I am disqualified to pass upon the merits of a cook book, for the reason that I have little discrimination in food. It is not that I am totally indifferent to what lies on the platter. Indeed, I have more than a tribal aversion to pork in general, while, on the other hand, I quicken joyfully when noodles are interspersed with bacon. I have a tooth for sweets, too, although I hold it unmanly and deny it as I can. I am told also–although I resent it–that my eye lights up on the appearance of a tray of French pastry. I admit gladly, however, my love of onions, whether they come hissing from the skillet, or lie in their first tender whiteness. They are at their best when they are placed on bread and are eaten largely at midnight after society has done its worst.

A fine dinner is lost within me. A quail is but an inferior chicken–a poor relation outside the exclusive hennery. Terrapin sits low in my regard, even though it has wallowed in the most aristocratic marsh. Through such dinners I hack and saw my way without even gaining a memory of my progress. If asked the courses, I balk after the recital of the soup. Indeed, I am so forgetful of food, even when I dine at home, that I can well believe that Adam when he was questioned about the apple was in real confusion. He had or he had not. It was mixed with the pomegranate or the quince that Eve had sliced and cooked on the day before.

A dinner at its best is brought to a single focus. There is one dish to dominate the cloth, a single bulk to which all other dishes are subordinate. If there be turkey, it should mount from a central platter. Its protruding legs out-top the candles. All other foods are, as it were, privates in Caesar’s army. They do no more than flank the pageant. Nor may the pantry hold too many secrets. Within reason, everything should be set out at once, or at least a gossip of its coming should run before. Otherwise, if the stew is savory, how shall one reserve a corner for the custard? One must partition himself justly–else, by an over-stowage at the end, he list and sink.

I am partial to picnics–the spreading of the cloth in the woods or beside a stream–although I am not avid for sandwiches unless hunger press me. Rather, let there be a skillet in the company and let a fire be started! Nor need a picnic consume the day. In summer it requires but the late afternoon, with such borrowing of the night as is necessary for the journey home. You leave the street car, clanking with your bundles like an itinerant tinman. You follow a stream, which on these lower stretches, it is sad to say, is already infected with the vices of the city. Like many a countryman who has come to town, it has fallen to dissipation. It shows the marks of the bottle. Further up, its course is cleaner. You cross it in the mud. Was it not Christian who fell into the bog because of the burden on his back? Then you climb a villainously long hill and pop out upon an open platform above the city.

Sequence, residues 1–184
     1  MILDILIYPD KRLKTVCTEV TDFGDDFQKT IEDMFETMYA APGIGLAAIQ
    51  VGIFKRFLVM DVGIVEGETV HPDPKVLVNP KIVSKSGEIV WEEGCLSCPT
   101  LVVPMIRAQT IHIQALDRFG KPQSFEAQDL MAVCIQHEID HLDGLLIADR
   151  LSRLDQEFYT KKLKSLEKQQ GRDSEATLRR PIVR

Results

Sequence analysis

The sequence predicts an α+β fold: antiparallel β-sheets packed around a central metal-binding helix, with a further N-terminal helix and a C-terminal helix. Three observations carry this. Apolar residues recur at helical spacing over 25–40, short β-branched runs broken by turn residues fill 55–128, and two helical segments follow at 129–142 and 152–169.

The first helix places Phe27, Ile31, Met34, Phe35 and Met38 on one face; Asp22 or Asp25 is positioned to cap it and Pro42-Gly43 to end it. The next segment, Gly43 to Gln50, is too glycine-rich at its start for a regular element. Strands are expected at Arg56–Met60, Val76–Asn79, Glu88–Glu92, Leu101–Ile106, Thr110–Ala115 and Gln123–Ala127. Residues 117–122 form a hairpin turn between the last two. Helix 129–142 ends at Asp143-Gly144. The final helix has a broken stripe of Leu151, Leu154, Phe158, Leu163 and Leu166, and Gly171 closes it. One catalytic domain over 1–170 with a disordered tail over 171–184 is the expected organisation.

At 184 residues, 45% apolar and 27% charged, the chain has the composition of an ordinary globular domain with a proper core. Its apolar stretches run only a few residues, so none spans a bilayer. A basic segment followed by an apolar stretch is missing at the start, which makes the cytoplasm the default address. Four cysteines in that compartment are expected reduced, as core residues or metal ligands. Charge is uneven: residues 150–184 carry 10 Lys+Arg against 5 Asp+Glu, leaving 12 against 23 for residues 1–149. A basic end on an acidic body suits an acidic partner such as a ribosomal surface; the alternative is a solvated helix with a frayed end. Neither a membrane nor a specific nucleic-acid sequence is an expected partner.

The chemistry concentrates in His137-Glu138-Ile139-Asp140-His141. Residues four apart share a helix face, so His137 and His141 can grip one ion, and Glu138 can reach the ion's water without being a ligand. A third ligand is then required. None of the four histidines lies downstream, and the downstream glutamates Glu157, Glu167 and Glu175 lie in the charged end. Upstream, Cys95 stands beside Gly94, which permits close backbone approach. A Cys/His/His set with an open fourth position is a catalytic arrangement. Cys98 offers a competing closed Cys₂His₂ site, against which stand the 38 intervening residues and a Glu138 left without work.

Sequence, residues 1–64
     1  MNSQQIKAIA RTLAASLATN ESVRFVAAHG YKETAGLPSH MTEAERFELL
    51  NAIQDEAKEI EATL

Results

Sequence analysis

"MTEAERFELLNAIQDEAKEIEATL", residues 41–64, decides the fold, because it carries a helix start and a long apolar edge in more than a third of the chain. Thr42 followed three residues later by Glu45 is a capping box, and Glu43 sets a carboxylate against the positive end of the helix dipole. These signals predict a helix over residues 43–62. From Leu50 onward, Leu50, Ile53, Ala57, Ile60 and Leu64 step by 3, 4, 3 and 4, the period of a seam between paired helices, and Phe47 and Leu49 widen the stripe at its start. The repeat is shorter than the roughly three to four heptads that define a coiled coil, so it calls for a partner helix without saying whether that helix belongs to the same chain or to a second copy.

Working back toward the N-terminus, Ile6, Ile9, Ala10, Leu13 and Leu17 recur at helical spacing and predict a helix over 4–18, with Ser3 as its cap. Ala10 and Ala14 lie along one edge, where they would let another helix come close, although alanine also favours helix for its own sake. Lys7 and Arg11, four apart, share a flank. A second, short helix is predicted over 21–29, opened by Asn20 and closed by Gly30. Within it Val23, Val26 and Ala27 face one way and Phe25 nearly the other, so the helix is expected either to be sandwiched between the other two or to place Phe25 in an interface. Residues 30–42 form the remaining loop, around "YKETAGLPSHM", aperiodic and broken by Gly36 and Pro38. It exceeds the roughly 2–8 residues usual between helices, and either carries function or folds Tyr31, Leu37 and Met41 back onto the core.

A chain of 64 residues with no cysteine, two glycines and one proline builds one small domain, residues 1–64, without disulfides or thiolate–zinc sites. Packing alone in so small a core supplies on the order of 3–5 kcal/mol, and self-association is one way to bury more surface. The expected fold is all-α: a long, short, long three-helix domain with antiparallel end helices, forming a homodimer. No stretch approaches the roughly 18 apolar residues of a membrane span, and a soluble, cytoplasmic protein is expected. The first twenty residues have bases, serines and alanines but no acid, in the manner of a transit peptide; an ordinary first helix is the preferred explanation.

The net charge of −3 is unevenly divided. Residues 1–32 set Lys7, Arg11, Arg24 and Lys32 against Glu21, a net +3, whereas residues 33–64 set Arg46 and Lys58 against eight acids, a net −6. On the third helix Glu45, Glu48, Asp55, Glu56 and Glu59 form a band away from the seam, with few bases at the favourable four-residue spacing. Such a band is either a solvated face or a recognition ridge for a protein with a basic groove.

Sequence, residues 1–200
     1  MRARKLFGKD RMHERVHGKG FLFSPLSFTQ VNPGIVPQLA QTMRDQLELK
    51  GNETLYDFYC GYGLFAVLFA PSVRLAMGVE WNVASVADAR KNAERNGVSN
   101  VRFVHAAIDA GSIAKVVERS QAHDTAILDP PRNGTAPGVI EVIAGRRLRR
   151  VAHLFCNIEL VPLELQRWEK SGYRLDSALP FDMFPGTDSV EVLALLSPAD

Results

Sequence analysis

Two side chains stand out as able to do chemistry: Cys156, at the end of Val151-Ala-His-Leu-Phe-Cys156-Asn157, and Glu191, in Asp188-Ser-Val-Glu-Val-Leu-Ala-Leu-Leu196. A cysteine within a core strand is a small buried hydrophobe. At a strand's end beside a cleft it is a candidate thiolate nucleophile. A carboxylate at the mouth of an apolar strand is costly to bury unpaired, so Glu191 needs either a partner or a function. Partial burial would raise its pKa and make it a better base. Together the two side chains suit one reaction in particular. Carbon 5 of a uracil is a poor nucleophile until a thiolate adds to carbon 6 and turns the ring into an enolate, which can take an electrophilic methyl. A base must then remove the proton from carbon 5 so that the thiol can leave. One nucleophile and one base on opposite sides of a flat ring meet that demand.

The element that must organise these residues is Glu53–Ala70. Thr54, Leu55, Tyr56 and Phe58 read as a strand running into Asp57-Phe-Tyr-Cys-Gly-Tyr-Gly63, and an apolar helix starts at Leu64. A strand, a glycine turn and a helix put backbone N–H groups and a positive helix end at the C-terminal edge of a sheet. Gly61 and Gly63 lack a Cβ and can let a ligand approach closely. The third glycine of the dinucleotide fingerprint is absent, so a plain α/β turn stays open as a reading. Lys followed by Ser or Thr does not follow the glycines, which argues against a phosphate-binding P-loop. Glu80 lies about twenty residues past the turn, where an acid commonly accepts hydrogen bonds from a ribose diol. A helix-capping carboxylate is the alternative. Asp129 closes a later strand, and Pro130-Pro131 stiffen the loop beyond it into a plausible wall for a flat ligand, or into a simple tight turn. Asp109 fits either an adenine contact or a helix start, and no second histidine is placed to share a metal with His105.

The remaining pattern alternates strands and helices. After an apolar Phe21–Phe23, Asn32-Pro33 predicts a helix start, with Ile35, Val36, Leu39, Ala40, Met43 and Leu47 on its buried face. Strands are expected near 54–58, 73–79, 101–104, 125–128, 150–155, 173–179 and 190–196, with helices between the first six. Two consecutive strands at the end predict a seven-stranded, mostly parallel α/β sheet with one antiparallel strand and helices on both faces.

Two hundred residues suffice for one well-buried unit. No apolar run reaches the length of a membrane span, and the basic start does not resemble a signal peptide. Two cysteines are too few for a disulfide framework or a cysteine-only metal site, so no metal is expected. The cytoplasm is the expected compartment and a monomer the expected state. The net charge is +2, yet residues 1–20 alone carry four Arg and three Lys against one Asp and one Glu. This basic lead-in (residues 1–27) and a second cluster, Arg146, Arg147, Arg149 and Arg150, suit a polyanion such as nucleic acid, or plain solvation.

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The height commands a prospect to the west. Below is the smoke of a thousand suppers. Up from the city there comes the hum of life, now somewhat fallen with the traffic of the day–as though Nature already practiced the tune for sending her creatures off to sleep. You light a fire. The baskets disgorge their secrets. Ants and other leviathans think evidently that a circus has come or that bears are in the town. The chops and bacon achieve their appointed destiny. You throw the last bone across your shoulder. It slips and rattles to the river. The sun sets. Night like an ancient dame puts on her jewels:

And now that I have climbed and won this height,
I must tread downward through the sloping shade
And travel the bewildered tracks till night.
Yet for this hour I still may here be stayed
And see the gold air and the silver fade
And the last bird fly into the last light.